Conversations address the basic human need to communicate. Their form may have changed over ages but conversations have continued to happen. Collectively, they have changed and evolved both humans and societies in many different ways. In fact, we have not stopped conversing even today, if nothing else then about the need to have a conversation.
More so because conversation is now more virtual than real, more impersonal than physical; there is a nostalgic longing for something that is lost, perhaps for good. We tend to think that technology took people away from ‘actual’ conversation. Another way of looking at it may be that, since the desire to have conversation is really strong, technology has allowed it to happen in other ways.
In a sense, this change is nothing new. The old, now vintage, telephone allowed at least two distant people to have a conversation. That was the end of the nineteenth century. Radio followed by television formalised and choreographed conversations, giving a chance to millions of people to become part of these as listeners. There must have been lamentations at the missing ‘live’ interaction then too, but technology and communications tools have not looked backwards ever since.
Modern forums of communication both allow and encourage a sort of self-promotion, and somewhat shamelessly, but that has not stopped conversation from taking place. To my mind, the biggest conversation that is happening now, across and within cultures, is between genders. A far cry from the ever-present gender-segregated drawing-room conversations, this one may lead to a better understanding of each other’s point of view and, hopefully, a more equitable world.
But there is something definitely amiss in the modern forms of communication that leaves people dissatisfied and there’s no harm in trying to find out what.
To begin with, there is problem in our relation with time, especially how we have exaggerated its significance. One cannot have meaningful conversations in frenzy. In fact, the real joy of conversation lies in sitting purposelessly, ignoring the clock. That is what leads people to actually evolve; and evolving doesn’t just mean becoming wise but also becoming empathetic. I read somewhere that the distinction between debate and conversation is that in debate argument is important while in conversation people are important.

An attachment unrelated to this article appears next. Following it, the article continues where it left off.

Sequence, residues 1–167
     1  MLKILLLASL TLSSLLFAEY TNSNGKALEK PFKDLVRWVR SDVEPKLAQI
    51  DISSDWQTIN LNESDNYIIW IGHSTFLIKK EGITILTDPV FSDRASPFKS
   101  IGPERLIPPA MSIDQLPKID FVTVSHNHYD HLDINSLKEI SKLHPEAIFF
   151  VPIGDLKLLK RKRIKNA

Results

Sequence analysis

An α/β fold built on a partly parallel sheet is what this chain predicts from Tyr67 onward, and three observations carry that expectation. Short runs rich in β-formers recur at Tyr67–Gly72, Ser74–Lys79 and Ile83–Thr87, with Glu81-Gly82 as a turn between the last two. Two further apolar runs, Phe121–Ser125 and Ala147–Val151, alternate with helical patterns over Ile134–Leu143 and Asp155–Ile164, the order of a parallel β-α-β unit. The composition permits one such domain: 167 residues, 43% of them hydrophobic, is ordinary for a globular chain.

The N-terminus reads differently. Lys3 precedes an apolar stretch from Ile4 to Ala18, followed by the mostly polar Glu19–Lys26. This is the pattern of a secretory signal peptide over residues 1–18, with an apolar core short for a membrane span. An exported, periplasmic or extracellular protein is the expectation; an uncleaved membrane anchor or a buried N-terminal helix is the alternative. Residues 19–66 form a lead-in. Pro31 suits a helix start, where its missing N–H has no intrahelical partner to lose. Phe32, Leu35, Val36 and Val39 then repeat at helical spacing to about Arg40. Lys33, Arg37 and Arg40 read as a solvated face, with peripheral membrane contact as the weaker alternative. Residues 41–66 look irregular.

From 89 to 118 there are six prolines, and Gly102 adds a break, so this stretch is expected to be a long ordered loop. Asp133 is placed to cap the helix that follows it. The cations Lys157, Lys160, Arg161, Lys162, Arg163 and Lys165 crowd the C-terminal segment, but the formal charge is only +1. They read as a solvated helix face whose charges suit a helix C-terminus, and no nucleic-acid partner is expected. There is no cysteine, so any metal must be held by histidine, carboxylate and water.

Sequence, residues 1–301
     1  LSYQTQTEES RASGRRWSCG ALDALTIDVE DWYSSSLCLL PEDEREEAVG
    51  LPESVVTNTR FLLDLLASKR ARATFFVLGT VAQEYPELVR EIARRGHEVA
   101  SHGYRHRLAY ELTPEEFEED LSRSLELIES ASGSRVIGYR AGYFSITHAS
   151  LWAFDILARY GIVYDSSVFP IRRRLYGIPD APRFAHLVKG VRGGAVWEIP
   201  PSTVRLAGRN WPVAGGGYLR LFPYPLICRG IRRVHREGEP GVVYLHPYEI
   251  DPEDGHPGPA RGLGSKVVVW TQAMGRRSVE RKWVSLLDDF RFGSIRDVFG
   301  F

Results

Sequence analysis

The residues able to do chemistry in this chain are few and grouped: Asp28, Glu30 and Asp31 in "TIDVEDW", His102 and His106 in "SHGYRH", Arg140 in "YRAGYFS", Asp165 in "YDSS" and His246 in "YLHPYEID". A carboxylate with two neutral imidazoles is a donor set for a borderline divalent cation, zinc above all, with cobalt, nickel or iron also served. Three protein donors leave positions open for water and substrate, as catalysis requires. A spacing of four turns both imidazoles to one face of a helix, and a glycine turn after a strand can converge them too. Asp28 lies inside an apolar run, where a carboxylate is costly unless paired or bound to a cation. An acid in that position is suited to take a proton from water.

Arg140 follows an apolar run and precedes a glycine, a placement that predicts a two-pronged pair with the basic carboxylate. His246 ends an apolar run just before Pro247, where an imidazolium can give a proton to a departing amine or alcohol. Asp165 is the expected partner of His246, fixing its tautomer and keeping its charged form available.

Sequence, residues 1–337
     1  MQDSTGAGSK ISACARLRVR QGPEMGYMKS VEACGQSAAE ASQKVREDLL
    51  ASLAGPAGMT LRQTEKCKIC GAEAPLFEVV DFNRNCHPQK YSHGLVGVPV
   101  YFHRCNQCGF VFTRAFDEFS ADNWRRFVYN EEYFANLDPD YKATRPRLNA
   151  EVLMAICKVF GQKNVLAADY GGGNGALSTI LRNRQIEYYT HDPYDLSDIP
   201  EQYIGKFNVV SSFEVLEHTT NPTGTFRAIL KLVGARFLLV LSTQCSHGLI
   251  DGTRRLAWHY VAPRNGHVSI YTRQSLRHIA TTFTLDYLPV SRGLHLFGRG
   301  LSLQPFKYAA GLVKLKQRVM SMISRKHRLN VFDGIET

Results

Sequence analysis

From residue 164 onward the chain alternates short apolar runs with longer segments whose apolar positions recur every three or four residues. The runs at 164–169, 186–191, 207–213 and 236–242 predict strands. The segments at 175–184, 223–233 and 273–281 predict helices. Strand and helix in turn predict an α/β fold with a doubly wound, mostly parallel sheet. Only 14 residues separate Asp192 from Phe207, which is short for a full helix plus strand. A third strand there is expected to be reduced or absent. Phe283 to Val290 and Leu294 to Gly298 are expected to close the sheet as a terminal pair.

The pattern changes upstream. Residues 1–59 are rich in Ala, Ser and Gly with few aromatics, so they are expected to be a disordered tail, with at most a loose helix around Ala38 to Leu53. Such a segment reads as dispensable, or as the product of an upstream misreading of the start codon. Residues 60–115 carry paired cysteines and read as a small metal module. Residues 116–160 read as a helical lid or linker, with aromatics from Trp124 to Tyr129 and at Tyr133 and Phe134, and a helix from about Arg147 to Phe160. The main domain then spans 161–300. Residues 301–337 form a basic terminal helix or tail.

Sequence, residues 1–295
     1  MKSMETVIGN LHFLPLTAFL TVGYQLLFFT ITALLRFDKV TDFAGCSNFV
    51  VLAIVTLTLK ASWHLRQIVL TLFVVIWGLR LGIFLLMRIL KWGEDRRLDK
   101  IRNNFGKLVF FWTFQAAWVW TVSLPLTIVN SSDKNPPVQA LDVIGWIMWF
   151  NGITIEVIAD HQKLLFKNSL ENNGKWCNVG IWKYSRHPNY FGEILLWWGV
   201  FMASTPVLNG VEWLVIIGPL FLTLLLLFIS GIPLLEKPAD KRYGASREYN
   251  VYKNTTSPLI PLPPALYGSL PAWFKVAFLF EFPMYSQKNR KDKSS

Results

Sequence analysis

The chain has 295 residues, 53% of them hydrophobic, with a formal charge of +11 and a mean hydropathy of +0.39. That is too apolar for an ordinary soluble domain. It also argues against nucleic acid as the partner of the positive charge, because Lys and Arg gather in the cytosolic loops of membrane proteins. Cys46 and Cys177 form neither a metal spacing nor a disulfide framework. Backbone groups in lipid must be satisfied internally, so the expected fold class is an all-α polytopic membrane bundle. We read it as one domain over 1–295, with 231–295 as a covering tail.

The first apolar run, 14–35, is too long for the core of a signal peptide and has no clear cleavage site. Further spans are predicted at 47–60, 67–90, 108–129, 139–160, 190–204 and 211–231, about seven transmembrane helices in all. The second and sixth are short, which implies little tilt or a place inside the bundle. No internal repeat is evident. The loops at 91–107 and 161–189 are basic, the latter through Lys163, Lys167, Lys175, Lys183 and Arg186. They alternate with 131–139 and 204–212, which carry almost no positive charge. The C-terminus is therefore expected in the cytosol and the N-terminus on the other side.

This is perhaps what is meant when they use the term “art of conversation”. You don’t just converse, you also listen. That is what makes conversation an art. But conversations are also about silence and learning to appreciate them. There is nothing ‘awkward’ about silence as we are so often told. It is in silence that the conversation with your own self takes place. And sometimes silence communicates more than words.
I have a feeling that etiquette and civility came from these kinds of conversations. The utter lack of etiquette and civility is another grouse that people have against all kinds of media in today’s world. The talk-show format on the conventional news media, obsessed with politics as it is, is what compensates for conversation. The emphasis remains on winning the argument and not on civility, ending up losing both and the viewer learning nothing.
Then there is Twitter, touted as the most intellectual among social media, a place where serious conversations do or ought to take place. What we see instead is a mixture of self-promotion, journalism, argument, conversation, witty banter, blabbering and crude bullying. The problem is that you can’t deal with cyber bullies without becoming one yourself.
At times, it seems that respect and humility don’t work on Twitter as well as packs and cliques do. And of course time is of the essence. You must retort in real time, win the argument, and hence more followers. Digital conversations take place on other platforms too, including Instagram, where a certain number of followers lead you to become an “influencer”. Once you become an influencer, capital knocks at your door because now you can be used to reach the ‘target market’. Conversation as a career, anyone? It could be argued, and perhaps rightly so, that it always was; only the form has changed.
To be honest, I have always admired good conversationalists and marvelled at their skill that I know I could never emulate. Often, it’s that one person with an amazing story-telling quality, memory, observation and stellar skill to turn raw dust into gold.
Also read: The raconteur will win in the end
I’ve also had a chance to see groups of old friends, mostly engaged with literature but not always, sit together to have conversations over endless cups of tea. The late Intizar Husain, who spearheaded these sittings of the literati after the famous literary haunt Pak Tea House closed down, used to say “you can only have a conversation over tea while this is the age of food streets”.
I recall a few things from these meetings that struck me even then: no one ever became loud or angry; the oldies seemed to enjoy every word uttered. And even though they must have gathered and left at a particular hour, it appeared that time did not exist while they were together. Theirs was an unending conversation, as all others are too.